Monday, November 13, 2006 - 10:45 AM

Sampling and Analysis of Soils Collected in Shallow-Subtidal Habitats.

Mark Stolt, Univ of Rhode Island, 1 Greenhouse Rd, 112 Kingston Coastal Institute Bldg, Kingston, RI 02881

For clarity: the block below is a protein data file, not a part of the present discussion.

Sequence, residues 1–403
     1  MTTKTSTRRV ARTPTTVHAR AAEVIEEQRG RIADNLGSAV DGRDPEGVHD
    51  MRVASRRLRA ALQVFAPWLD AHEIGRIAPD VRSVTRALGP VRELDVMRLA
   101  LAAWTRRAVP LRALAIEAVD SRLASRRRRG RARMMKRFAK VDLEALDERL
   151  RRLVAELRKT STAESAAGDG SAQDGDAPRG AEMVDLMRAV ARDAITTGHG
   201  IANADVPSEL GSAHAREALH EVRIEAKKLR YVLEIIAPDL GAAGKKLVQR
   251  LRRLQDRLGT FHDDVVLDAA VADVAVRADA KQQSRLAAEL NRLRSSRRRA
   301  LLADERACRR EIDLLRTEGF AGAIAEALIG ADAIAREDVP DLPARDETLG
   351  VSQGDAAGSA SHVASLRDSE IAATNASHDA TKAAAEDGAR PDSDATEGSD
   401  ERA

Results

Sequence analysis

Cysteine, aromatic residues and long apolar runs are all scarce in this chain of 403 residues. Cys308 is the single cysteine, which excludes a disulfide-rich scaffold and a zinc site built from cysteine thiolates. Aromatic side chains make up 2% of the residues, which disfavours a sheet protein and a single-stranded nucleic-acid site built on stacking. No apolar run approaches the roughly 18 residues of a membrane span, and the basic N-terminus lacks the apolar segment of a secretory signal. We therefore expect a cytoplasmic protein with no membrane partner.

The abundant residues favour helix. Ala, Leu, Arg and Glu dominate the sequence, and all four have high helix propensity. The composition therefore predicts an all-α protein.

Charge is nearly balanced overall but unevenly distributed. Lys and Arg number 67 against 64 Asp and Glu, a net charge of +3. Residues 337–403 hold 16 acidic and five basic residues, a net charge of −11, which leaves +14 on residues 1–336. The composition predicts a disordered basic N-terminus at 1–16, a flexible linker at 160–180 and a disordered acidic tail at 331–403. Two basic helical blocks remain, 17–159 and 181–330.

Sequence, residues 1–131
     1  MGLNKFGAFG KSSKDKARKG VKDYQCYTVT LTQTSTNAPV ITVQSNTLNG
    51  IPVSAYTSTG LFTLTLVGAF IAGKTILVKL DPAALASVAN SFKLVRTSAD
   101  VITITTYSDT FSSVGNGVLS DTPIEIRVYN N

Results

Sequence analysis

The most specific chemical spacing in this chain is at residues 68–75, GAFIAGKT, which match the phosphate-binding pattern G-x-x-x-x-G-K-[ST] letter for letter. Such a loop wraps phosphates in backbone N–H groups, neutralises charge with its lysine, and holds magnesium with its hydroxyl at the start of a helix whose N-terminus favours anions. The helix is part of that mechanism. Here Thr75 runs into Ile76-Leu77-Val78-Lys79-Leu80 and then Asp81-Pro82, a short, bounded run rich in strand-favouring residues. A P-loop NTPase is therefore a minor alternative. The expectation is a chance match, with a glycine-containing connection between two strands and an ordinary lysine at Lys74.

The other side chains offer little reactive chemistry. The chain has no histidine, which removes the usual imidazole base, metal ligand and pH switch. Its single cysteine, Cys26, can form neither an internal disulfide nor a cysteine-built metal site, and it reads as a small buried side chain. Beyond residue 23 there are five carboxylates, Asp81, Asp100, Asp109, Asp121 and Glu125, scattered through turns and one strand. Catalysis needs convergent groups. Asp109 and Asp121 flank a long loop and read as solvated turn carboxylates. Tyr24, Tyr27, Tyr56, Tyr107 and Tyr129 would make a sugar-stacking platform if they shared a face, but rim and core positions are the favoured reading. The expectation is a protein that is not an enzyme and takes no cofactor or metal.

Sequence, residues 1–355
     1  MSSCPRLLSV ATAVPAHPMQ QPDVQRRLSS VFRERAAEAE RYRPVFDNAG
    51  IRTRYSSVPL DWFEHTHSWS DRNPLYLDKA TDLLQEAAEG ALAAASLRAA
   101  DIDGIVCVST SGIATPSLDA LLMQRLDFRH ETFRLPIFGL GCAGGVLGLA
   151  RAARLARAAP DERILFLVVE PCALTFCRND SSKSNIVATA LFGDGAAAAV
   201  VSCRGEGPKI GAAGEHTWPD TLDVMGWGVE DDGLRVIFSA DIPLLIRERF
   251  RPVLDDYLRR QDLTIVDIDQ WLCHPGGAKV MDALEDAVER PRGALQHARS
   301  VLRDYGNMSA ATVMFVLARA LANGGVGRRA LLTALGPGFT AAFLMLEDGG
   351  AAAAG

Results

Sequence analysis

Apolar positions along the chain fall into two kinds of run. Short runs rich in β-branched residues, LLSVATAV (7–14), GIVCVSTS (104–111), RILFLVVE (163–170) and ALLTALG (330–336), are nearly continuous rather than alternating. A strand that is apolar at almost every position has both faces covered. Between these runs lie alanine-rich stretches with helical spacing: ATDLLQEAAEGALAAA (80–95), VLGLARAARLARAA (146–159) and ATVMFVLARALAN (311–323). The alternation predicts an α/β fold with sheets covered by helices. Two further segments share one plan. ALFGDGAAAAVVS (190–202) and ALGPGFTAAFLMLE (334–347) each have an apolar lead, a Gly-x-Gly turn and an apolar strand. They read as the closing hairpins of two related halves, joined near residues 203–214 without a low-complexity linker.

Although the extent of subaqueous soils in coastal areas is obvious, and their importance in regard to the structure and function of the estuarine ecosystem is unquestionable, little is known of the physical, chemical, and morphologic properties of subaqueous soils and how they developed in these ecosystems. The information that is available has been gathered from a limited number of research projects (Demas et al., 1996; Demas, 1998; Demas and Rabenhorst, 1998; Bradley, 2001; Bradley and Stolt, 2002; Bradley and Stolt, 2003; Bradley and Stolt, 2005). These studies have spawned a wide array of interest in subaqueous soils such that subaqueous soil projects have been initiated in Connecticut, New York, Maine, Delaware, Maryland, Florida, Massachusetts, Rhode Island, and Texas. One of the big hurdles of these studies is that only minimal information on methodologies that are appropriate for conducting a subaqueous soil survey is available. Discussions on topics such as collecting bathymetric data, using a vibracore, collecting soil samples under water, and the handling of subaqueous soil samples for subsequent laboratory analysis are essentially absent from the soil literature. Thus, there is a need for a standard reference source on the methodologies used to conduct a subaqueous soil survey. In this paper, methods for sampling and analysis of subaqueous soils are discussed and illustrated.